In the unstable situation that followed the ousting of President Yanukovych, an urgent need for information management was expressed. This was handled by private initiatives to provide foreign journalists with updated and reliable information about events in Ukraine. This was particularly critical when the situation escalated in 2014 and information started to appear from Russian sources offering their perspective. Much of the information being supplied to national and international news bureaus was from the eastern front, where the Ukraine army was fighting Russia-backed “separatists” in Donetsk and Luhansk. A group of PR professionals we knew set up the Ukraine Crisis Media Center (UCMC) in March 2014, with funding from a number of European and American organizations. The UCMC was launched with the aim of providing global media with “accurate and up-to-date information on the events in Ukraine.”3 From its location in the Hotel Ukraine, situated at the top of the Maidan, the UCMC offered news briefings and information support to foreign correspondents reporting from Ukraine.
The UCMC was not the only initiative undertaken during these turbulent days of the Euromaidan Revolution. Many other activists—both within the country and from the large Ukrainian diaspora—formed groups that engaged in communications activities geared toward both a national and an international audience. Many of these initiatives, such as Euromaidan Press, worked through Facebook and other online social media, disseminating the latest news from traditional trusted media sources as well as user-generated information. Activists supporting the regime change believed the Russian media deliberately interfered by spreading false information. To address this problem, a group of faculty and journalism students at the National University of Kyiv-Mohyla Academy launched StopFake to debunk stories from various sources that were spreading speculative or outright false information. They disseminated this information on a webpage and through social media. Simultaneously, a group of academic historians who had participated in the Euromaidan protests formed an initiative called Likbez to control how Ukraine’s history was depicted in the media. As historians, however, their longer-term goal was to provide future generations of Ukrainians with history textbooks sanitized of a Russian bias (Yurchuk 2021).
A particularly noteworthy development in information management in Ukraine was the rapid launch of several new television channels that streamed continuous images from the Euromaidan Revolution. They provided many of the stock photos used by the international news media. Most successful was Hromadske TV, an initiative by young journalists in Kyiv that began broadcasting on the same day the demonstrations started. In fact, one of its reporters is thought to have instigated the protests by contacting friends on social media and telling them to gather at the square. Hromadske (Ukrainian for “public”) was, however, not alone in streaming the protests live. We, too, switched between two other channels while following the dramatic events: UkrStream and Espreso TV.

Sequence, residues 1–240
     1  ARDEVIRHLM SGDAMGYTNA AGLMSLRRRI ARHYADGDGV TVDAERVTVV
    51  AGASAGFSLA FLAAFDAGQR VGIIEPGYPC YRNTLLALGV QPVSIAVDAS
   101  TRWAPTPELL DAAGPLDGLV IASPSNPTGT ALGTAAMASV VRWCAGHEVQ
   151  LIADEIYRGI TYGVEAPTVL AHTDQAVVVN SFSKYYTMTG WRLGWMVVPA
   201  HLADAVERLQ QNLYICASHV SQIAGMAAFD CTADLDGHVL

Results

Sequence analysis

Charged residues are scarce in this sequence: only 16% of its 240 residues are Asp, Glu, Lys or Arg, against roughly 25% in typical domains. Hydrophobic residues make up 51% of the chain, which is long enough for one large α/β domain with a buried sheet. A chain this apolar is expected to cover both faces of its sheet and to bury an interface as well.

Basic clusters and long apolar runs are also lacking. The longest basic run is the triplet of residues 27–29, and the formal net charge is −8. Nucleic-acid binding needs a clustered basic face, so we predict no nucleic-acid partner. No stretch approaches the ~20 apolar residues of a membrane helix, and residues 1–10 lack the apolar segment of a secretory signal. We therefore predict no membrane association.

As the war in eastern Ukraine became permanent, the Ukrainian government under new president Petro Poroshenko felt the need to implement a policy related to how information about the armed conflict was distributed both domestically and to an international audience. A new Ministry of Information Policy (MIP) was launched. This was not an uncontroversial decision. Critics feared that the Ukrainian government was trying to control and censor information—or perhaps fabricate lies—just like Russia. However, Ukraine did not have the kind of resources necessary to do so. The MIP was quite small, consisting of one minister and two deputy ministers, a few information officers (state secretaries), and administrative staff. In effect, the MIP relied on the cooperation of voluntary organizations engaged in communication projects related to the war (usually financed by donations and funds from foreign development organizations). However, at the MIP’s disposal were the national news agency Ukrinform and the state television streaming channel UATV, both of which produce news information about Ukraine. Some of the state secretaries had backgrounds in PR and branding, and the MIP would eventually launch its own nation branding campaigns.
The Euromaidan events were intriguing and encouraged us to widen our research interest extensively. Our initial project about the branding of Ukraine had been confined to a limited number of actors involved in specific campaigns. The aggression from Russia stimulated several more civil society initiatives, ranging from fundraising and cultural performances to volunteer battalions fighting in the war. Particularly surprising was the amount of space available for private and voluntary initiatives. In this, we noted a similarity to the nation branding business: state and government authorities seemed to have less influence over communication projects than one would have expected, and information was managed by a plurality of civic and corporate actors contributing diverse experiences and skills. The chapters that follow describe and discuss the implications of this method of implementing information management and policy.